He has emotional moments with children as well, such as one boy who told Santa Brian to give his presents to someone less fortunate on Christmas.

"I find myself trying to pull myself out of the emotion as much as I can," Weaver says. "And then, once it's over, I just sit back in the Santa chair and sigh. Then I just wait for somebody to give me a screaming baby."

He says that most of the time, however, encounters are all smiles — "more smiles per gallon," he likes to say — which is something that motivates him year after year. He has plenty of funny stories, like the five-year-old little girl who insisted that she had to have a bidet for Christmas. Not having any biological children of his own, Weaver says he feels that he is an honorary father to many, much like Father Christmas himself.

"If I can be a part of the embodiment of a particular memory, that legacy is probably my best gift for myself," he says. "Those short moments that we have, whether they last for years or a lifetime, are all worth it."

Weaver hopes to continue being Santa Brian for as long as he possibly can and commits himself to carry on the legacy of Bilodeau, who died earlier this year. He was buried with a custom-made gold coin from Weaver.

One side shows a photo of Weaver with the words "I will always believe in Santa," and the other side reads "Believe."

Weaver has a huge collection of Santa-related paraphernalia, including a red hot-rod (a 1923 Ford Model T) that doubles as a sleigh, a custom-made Santa ring and a giant "naughty or nice" book. But it is Weaver's promise to Bilodeau that reminds him that despite all that, it's really his kind and nurturing demeanor that truly makes him Santa Claus. That and the facial hair, of course.

"I'm just fortunate enough to have a great big old honkin' beard," he says. "It's nothing more than genetics and time and a little bit of patience."

Stories With Santa: Tales of the Hilarious and the Heartwarming

Nearly 20 years ago, Tim Walker noticed his hair growing whiter than usual, eventually resembling a familiar character.

"I looked in the mirror one day and saw Santa staring back," he says.

Inspired by what he saw in his reflection, he continued growing out his beard, just to see if it would grow into the long, snowy symbol of the holiday that Walker envisioned.

On a routine grocery-store trip in 2004, a stranger approached him, asking if he worked as a Santa Claus anywhere. This encounter sparked Walker's interest and encouraged him to look into getting a suit.

The next year, he picked up a gig at a Sears portrait studio and another one with the Tennessee Valley Railroad Museum's North Pole Limited, a train ride experience in Chattanooga that takes passengers to the "North Pole" to visit Santa.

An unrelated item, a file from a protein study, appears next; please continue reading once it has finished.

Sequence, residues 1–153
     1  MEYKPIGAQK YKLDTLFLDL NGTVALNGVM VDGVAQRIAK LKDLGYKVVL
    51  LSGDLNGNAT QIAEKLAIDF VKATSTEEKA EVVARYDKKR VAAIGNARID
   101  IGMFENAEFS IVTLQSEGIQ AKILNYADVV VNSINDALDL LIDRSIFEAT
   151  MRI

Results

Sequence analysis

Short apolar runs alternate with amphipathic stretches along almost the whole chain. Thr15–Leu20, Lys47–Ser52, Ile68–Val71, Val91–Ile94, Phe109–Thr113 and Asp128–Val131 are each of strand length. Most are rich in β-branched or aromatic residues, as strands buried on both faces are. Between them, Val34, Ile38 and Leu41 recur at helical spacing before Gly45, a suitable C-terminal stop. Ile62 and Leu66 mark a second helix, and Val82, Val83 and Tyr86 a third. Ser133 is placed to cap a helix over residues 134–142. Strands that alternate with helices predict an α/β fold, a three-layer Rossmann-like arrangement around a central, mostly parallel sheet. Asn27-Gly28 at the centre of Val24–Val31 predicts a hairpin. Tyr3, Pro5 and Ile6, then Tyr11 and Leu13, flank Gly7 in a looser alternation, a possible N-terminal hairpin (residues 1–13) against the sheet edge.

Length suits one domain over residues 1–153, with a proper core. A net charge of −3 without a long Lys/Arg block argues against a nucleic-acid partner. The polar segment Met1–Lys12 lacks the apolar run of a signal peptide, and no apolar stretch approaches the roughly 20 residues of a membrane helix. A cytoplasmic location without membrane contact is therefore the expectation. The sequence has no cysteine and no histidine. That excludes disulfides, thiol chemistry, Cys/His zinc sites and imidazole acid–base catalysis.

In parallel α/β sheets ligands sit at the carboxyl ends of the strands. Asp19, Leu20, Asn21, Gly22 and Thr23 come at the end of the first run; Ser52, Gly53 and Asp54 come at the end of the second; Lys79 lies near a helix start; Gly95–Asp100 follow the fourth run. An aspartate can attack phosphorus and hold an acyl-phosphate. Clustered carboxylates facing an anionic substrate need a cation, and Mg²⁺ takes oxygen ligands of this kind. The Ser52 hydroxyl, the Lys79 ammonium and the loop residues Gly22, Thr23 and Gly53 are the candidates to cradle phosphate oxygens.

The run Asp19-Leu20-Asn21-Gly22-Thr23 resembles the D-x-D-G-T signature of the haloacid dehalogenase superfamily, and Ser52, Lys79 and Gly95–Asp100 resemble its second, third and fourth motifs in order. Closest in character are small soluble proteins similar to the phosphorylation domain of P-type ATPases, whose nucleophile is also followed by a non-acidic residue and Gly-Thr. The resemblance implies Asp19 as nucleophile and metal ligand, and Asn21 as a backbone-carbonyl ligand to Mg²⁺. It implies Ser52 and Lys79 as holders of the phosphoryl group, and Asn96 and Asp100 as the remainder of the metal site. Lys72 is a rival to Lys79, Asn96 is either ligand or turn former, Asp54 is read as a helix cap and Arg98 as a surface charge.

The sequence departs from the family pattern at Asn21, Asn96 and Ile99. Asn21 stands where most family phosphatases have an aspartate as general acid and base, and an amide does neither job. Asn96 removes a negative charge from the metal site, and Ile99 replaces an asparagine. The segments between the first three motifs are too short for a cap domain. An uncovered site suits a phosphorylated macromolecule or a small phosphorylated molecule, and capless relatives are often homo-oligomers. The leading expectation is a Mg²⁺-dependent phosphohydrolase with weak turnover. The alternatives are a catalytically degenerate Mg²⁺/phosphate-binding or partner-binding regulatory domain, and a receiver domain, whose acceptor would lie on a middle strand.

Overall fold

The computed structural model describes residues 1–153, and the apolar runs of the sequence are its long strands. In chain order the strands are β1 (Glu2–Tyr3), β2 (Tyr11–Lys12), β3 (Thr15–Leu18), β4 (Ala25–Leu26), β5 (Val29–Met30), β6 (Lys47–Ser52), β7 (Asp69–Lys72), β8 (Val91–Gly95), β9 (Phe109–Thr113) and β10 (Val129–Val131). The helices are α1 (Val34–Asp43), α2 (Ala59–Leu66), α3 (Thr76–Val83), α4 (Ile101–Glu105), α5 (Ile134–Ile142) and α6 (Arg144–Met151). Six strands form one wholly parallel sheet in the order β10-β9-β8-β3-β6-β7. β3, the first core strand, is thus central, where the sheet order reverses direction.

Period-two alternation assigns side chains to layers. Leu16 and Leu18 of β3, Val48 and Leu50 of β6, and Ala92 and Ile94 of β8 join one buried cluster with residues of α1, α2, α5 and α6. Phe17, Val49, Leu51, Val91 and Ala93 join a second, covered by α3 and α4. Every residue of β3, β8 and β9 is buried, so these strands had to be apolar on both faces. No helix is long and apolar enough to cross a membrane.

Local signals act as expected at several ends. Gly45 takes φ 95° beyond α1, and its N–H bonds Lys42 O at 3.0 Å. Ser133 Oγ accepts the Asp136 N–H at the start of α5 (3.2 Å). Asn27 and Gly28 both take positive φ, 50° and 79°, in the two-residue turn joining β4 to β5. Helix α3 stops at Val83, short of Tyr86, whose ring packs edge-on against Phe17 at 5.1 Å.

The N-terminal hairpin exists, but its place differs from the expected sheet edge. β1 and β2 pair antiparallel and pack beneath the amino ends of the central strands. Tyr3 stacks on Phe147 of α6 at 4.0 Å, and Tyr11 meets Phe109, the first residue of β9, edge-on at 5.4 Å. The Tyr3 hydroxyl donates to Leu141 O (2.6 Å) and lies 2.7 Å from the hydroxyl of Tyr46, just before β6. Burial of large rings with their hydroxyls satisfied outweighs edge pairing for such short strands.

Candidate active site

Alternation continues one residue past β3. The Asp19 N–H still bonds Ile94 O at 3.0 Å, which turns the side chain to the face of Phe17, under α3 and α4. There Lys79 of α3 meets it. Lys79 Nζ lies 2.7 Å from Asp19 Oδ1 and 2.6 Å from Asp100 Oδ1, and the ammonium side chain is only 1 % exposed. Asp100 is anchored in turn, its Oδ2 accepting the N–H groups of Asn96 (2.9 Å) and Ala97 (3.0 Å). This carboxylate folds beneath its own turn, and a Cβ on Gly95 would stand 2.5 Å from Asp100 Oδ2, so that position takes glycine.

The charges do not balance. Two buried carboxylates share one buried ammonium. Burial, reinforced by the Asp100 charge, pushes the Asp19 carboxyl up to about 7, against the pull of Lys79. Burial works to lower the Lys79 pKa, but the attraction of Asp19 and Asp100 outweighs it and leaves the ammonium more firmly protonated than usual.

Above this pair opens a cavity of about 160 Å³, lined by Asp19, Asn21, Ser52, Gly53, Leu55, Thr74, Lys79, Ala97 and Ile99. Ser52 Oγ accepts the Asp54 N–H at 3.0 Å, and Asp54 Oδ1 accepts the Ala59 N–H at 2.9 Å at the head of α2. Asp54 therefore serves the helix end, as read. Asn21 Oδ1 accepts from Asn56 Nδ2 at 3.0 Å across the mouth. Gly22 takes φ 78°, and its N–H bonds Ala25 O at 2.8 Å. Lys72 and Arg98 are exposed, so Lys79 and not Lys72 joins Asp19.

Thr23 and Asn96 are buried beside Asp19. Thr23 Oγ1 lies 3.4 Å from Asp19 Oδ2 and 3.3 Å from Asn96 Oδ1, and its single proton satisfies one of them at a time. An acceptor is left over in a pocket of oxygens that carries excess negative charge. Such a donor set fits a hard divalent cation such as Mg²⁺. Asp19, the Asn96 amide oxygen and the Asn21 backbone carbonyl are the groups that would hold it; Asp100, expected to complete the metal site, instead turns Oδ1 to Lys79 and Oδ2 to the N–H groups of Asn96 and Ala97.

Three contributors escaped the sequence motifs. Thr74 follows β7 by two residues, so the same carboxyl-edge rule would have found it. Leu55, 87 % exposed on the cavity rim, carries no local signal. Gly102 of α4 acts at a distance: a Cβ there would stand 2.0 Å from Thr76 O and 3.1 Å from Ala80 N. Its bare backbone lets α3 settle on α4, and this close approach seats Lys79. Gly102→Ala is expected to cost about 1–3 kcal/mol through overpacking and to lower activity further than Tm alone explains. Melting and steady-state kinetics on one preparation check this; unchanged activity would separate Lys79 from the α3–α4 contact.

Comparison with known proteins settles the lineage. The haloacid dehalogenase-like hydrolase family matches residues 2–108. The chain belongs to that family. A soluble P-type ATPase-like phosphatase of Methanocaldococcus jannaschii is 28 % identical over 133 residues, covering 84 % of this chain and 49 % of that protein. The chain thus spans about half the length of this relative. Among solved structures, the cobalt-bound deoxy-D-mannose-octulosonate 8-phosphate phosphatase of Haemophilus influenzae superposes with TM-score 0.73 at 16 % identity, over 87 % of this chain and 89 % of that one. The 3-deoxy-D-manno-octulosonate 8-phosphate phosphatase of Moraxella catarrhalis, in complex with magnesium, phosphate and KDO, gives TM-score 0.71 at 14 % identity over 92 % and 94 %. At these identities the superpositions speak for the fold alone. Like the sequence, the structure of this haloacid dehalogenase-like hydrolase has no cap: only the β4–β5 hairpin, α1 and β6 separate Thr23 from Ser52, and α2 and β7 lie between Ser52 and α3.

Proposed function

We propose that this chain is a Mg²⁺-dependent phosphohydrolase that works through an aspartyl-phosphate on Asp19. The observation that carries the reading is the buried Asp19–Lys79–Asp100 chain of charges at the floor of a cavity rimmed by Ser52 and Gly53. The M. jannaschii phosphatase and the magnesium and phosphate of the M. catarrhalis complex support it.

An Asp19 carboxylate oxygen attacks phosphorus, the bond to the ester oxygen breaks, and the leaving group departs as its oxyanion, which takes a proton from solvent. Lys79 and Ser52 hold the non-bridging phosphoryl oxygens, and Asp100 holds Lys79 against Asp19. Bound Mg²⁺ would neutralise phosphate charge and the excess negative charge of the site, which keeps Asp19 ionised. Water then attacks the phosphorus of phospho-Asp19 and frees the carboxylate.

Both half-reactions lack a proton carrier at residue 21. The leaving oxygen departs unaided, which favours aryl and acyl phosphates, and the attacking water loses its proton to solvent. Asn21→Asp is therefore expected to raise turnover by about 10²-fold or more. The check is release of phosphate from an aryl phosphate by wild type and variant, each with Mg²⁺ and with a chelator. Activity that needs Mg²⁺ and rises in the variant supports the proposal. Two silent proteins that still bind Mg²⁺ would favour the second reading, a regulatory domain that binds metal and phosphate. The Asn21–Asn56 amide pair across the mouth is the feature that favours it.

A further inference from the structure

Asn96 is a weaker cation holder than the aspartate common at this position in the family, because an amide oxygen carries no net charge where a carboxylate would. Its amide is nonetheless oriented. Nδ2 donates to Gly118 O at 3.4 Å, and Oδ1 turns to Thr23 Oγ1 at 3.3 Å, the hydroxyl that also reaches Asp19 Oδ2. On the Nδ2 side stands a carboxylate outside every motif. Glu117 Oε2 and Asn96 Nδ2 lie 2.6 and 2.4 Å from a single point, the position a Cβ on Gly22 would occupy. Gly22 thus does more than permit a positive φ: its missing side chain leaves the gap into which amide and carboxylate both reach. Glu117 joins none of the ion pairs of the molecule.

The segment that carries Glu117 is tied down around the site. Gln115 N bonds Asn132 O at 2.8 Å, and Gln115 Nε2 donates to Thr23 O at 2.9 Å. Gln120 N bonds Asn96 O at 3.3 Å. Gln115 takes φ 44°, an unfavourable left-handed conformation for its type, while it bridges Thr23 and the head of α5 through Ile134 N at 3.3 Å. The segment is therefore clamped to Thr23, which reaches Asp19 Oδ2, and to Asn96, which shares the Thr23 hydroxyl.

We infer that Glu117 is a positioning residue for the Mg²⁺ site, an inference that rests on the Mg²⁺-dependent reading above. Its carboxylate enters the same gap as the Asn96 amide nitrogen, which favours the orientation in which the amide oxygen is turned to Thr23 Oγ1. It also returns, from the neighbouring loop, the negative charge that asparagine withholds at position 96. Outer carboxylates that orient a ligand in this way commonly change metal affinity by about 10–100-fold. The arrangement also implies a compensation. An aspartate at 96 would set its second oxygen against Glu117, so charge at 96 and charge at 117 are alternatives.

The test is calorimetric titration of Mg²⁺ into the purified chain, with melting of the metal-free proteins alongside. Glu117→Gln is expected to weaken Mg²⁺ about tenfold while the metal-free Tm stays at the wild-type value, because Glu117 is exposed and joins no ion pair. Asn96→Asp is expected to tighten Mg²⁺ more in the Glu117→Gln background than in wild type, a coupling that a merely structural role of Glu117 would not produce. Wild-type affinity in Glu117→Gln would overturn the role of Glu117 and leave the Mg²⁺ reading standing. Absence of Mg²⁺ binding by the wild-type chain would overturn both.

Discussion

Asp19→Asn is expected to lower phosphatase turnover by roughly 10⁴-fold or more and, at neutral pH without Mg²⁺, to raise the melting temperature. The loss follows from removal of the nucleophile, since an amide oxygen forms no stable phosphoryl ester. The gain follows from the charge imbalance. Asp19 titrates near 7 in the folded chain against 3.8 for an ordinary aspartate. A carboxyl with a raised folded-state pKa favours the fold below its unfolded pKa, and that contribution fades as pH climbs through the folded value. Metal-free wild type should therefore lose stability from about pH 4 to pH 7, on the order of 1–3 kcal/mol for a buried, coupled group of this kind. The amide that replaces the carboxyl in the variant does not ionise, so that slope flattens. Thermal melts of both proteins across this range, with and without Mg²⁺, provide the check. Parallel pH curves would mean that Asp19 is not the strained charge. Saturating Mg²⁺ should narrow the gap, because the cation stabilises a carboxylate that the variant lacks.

Walker fit the part well, so he stayed at Sears for three seasons and North Pole Limited until 2014, when he got the opportunity to be a Santa at Ruby Falls. He still works there today, as Kris Kringle during the holiday season and as a tour guide year-round. He also participates in a limo service that hosts a "Christmas Light Jammie Ride" — a limo excursion through Chattanooga's light displays while in your pajamas, with hot chocolate and Santa.

Aside from the Santa stuff, Walker stays busy as a computer programmer for Hamilton County. He also plays violin for the UTC symphony orchestra and the Red Bank Baptist orchestra.

With almost two decades of Santa experience now, Walker has amassed countless unforgettable moments and heartwarming interactions. One mischievous youngster, for example, ran up to him, gave his beard a few tugs and ran away yelling, "It's real! It's real!"

Another kid, however, was not as brave.

"This kid comes running around the corner. I thought he was going to jump on my lap and knock me over," Walker recalls. "But he skids to a stop, leaves tracks in the dirt and refuses to come any closer."

But Santa's magic isn't only reserved for the little ones. One Christmas Eve, Walker and his wife were dining at a local restaurant when a family came up and asked him to help surprise their teenage daughter with a new car.

They handed him the keys, and as she arrived, he drove the car up and got out to greet her with a "Merry Christmas!" She laid eyes on the car and, without a word, threw her arms around Walker.

"I walked back to my table, and there was a $20 bill lying there, but I had already gotten paid with a hug," he says with a laugh.

What seems to be a common theme with working as a Santa Claus is that some moments can hold more weight. Walker says there is an emotional aspect to the job and that it is sometimes more touching than happy-go-lucky. He explains how a woman sat on his lap one Christmas season and burst into tears as she was remembering a tradition she had with her child who'd passed away earlier that year.

"You feel like there's never enough you can do, but you do what you can," Walker says.

There are also times when children ask those hard-hitting questions that leave Walker speechless and wondering. For example, what do you say when a child asks for his parents to get back together?

This comes with the territory of being Santa Claus, though, and it is a job that is year-round. Walker says that even in the summer, as long as he has that full beard, he'll get kids who spot him and call out, recognizing him as Santa.

"Even in May or June, a kid will yell at me from across the parking lot," he says.

Walker doesn't take offense, and in true Santa fashion, he always responds with a "Ho ho ho!"

"If I didn't like it, I wouldn't look like this."

As Santa Claus, Walker cherishes the moments he shares with children and the way their faces light up when they see him. Beyond the joy he brings others, this role has also pushed him to come out of his shell and discover more about himself.

"I'm not generally a very outgoing, talkative type of person," he explains. "But I put on that red suit, and all that changes."